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UNH Study Shows Decline in Wild Bees That Pollinate Major New England Fruit Crops

Molly Jacobson / UNH
The Andrena vicinia bee pollinating this flower is one of 14 declining wild bee species identified in the UNH study.

New research shows a decline among some of the wild bees that pollinate important New England fruit crops.

A study of 125 years of records – one of the first of its kind – shows 14 native bee species are in decline in the Northeast.

UNH Assistant Professor Sandra Rehan says the world has thousands of wild bee species – such as bumblebees. Most are solitary, and don’t build hives like honeybees.

But Rehan says many of these native species are better suited than honeybees to pollinate plants like blueberries, cranberries and apples.

“As wild bees decline, we do see reduced crop yields,” she says.

She says these species appear to face many of the same threats that have caused honeybee populations to drop – including new pathogens, which originate in honeybee hives and spread to other bees.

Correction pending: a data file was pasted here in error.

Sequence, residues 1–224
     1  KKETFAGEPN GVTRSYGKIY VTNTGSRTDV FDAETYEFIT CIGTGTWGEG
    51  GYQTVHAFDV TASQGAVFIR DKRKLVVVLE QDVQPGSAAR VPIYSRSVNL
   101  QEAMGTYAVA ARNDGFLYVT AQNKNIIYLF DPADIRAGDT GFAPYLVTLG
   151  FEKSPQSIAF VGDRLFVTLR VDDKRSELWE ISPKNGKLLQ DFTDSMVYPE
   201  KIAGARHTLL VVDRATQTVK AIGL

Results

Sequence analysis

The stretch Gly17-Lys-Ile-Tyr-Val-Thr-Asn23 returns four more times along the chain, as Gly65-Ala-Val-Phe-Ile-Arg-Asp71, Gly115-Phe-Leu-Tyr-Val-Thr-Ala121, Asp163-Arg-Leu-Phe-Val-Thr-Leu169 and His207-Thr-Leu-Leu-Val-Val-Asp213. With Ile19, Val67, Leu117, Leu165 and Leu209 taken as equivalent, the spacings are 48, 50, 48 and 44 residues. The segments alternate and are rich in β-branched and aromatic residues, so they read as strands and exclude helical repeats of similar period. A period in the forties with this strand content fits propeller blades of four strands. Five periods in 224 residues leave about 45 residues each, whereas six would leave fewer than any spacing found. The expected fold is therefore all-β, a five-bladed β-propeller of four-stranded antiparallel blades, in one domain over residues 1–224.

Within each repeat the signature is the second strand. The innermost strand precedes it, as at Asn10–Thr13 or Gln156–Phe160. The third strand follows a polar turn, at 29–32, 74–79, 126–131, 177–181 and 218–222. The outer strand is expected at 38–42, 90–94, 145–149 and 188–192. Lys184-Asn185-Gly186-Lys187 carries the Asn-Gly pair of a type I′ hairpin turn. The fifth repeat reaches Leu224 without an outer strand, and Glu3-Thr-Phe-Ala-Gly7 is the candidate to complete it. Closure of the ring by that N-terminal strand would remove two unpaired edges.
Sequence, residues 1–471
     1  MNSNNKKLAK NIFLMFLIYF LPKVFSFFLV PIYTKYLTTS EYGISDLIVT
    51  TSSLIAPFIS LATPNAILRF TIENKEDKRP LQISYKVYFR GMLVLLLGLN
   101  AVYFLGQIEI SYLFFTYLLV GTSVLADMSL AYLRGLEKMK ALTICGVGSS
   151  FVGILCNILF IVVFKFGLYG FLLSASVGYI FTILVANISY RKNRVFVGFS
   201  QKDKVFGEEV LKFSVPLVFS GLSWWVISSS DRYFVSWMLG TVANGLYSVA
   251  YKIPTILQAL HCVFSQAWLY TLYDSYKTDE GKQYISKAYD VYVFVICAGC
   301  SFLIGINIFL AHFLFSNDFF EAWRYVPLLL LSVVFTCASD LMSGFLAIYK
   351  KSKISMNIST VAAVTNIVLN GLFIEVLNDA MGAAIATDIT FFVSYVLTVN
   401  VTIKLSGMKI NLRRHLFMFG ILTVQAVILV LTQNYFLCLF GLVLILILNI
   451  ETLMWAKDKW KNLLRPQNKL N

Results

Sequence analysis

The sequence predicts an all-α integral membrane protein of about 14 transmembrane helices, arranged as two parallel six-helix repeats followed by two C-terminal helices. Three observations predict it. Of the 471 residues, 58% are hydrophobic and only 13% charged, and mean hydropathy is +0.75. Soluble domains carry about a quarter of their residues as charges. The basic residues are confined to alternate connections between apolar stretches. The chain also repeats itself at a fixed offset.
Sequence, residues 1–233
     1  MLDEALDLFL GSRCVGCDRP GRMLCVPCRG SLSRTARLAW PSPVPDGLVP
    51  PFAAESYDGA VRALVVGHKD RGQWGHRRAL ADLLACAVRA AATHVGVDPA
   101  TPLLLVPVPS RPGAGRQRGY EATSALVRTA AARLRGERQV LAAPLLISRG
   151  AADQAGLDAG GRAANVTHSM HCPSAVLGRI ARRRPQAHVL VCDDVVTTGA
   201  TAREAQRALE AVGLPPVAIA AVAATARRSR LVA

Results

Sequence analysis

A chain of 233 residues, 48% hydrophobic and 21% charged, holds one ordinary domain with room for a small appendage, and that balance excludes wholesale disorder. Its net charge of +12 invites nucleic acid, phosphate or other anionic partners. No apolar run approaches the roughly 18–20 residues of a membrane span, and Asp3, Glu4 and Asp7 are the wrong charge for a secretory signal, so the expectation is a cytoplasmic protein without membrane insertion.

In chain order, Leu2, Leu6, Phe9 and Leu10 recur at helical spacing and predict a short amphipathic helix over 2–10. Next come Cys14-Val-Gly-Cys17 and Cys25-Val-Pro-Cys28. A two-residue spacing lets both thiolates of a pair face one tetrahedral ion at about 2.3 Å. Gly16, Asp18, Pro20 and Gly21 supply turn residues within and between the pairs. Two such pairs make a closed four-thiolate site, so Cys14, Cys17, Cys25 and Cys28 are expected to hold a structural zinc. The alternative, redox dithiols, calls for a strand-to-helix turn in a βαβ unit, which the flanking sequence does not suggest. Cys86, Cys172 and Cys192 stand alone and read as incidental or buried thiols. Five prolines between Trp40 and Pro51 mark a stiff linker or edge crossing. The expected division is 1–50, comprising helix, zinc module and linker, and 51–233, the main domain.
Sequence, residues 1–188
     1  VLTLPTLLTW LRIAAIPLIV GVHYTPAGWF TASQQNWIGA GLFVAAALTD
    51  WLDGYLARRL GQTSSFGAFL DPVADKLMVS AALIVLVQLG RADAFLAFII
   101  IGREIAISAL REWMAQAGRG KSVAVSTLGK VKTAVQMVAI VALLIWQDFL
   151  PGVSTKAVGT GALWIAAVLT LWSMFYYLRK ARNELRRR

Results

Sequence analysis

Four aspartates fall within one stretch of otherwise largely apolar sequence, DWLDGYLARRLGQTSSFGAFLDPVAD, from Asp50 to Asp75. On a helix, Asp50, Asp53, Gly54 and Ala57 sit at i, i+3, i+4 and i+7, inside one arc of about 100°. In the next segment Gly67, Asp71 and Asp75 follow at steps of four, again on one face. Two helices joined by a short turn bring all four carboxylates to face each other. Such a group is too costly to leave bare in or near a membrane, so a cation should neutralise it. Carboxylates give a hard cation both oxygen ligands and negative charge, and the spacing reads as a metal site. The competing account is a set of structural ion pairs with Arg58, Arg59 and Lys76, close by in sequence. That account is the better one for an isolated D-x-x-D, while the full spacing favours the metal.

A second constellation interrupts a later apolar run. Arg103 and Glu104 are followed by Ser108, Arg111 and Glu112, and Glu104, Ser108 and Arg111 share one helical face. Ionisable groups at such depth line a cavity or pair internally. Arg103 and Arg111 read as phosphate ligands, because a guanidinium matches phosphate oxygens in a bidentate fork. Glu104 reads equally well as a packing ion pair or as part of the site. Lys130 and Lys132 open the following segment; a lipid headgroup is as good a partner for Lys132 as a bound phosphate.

“Much like we contract diseases through subways and airplanes, so do bees,” Rehan says. “Their hubs of interaction and activity are flowers.”

Rehan says other wild bee threats within humans’ control include overuse of pesticides, a lack of seasonal wild plant diversity and a warming climate, which is pushing some bees away from areas like the Seacoast, into higher altitudes and latitudes. 

Annie has covered the environment, energy, climate change and the Seacoast region for NHPR since 2017. She leads the newsroom's climate reporting project, By Degrees.
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